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Useful marketing automation tips for eCommerce websites

Useful marketing automation tips for eCommerce websites

Fun fact! 75 per cent of all businesses that use a marketing automation solution see a positive ROI within the first year. This is in addition to saving time by eliminating complex processes, and an ability to better retain customers who might otherwise jump ship.

Sounds pretty good, right? These are just a few of the reasons the marketing automation software sector is predicted to grow by a compound annual growth rate of just under 10 per cent between 2018 and 2026, and why roughly 70 per cent of organisations are already using the technology in one way or another.

Marketing automation for eCommerce

As you’d expect, numbers like these have made automation tools a hot topic in the world of content marketing, and their benefits to eCommerce websites in particular can be revolutionary. After all, if you sell a product or service through any sort of eCommerce platform, it’s vital for customers to feel as though they’re being spoken to in a personal way, rather than receiving the same cookie-cutter experience as thousands of others.

The challenge for an eCommerce business is how best to use marketing automation software to create dedicated campaigns and unique messages for customers, without compromising other areas of your overall content strategy. This can be a daunting task, but with the right tools and a knowledge of marketing automation best practice for eCommerce, it’s possible to see some truly incredible results.

To get you started, here are six marketing automation tips for eCommerce that can radically change the way customers interact with, and experience, your online store.

With an understanding of marketing automation best practice for eCommerce, it’s possible to see some truly incredible results.

1. Send welcome emails

Creating the right experience for your customers starts from the moment they arrive on your website and complete some sort of action. Regardless of whether that’s making an account, signing up for regular emails or putting an item in their shopping cart, it’s critical to start the relationship on the right foot with an effective welcome email.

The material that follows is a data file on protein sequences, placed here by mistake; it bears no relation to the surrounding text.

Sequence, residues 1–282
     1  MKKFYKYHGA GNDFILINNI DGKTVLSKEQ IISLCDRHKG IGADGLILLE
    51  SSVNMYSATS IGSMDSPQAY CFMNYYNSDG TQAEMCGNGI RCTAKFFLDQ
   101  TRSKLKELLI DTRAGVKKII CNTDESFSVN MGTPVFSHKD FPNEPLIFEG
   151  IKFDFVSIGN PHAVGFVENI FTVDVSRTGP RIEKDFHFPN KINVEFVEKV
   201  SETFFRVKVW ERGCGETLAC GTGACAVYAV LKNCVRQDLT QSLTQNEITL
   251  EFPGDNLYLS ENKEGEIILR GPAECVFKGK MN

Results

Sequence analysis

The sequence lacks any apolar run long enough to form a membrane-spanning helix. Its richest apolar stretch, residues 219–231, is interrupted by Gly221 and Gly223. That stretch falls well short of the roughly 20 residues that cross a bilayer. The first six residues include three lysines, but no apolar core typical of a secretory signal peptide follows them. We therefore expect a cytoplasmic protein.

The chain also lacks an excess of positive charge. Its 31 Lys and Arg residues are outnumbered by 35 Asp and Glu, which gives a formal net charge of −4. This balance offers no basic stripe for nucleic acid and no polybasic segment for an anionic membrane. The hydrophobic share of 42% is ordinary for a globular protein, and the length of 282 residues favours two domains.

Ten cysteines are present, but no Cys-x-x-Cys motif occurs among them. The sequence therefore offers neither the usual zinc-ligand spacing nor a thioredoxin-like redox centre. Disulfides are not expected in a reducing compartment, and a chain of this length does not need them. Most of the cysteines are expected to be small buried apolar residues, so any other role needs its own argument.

This is your only chance to make a great first impression, and far too many eCommerce businesses fail to recognise the ability of a welcome email to engage a customer at the right time.

After all, setting up an automated email to arrive as soon as an action is completed means you’re reaching customers at a moment when they are highly engaged and interested in your business, The stats back this up, with a recent Experian study finding that welcome emails are opened roughly four times more than other promotional emails, with a click-through rate that’s almost five times better.

Of course, it’s not enough to simply send a welcome email to your customers. You’ll also need to make sure the content is relevant, provides value, and fits the overall tone of voice established by your brand’s website and on social media platforms. Automation can help here by tailoring the content to a particular type of customer – for example, suggesting similar products related to their actions on your site. If you really want to create a great first impression, it could also be a good idea to include some sort of reward for signing up, such as access to a special offer or discount code.

2. Use customer segments

One of the most powerful elements of marketing automation tools is the ability they provide to split up and target dedicated ‘segments’ of customers.

These segments are groups with broad similarities in how they behave on your website and, subsequently, what they’re looking for from your business. This information makes it possible to more effectively direct your marketing campaigns towards different types of customer and avoid the pitfalls of simply sending mass emails that aren’t relevant to huge swathes of your audience.

For example, customers that fulfil the conditions associated with a segment – for example, those close to conversion (perhaps defined by making repeat visits to certain product pages) can receive follow-up emails that suggest similar and related products, or even include a special offer to entice them to make a purchase.

This segmented approach to automation may lead to a slight dip in the volume of your leads, but will hugely increase the quality of those remaining, ultimately leading to more sales.

A great illustration of how this works in action comes from McAfee, which implemented a lead scoring system that made it possible for customers at different stages of the marketing funnel to receive automated emails at the right moments of their journey. The results speak for themselves, with a 35 per cent decrease in leads but a whopping 400 per cent increase in conversion.

3. Talk to outgoing and unengaged customers

While a lot of the focus on marketing automation as part of specific eCommerce software deals with guiding leads towards conversion, it’s just as important to consider how the technology can be used at the other end of the spectrum.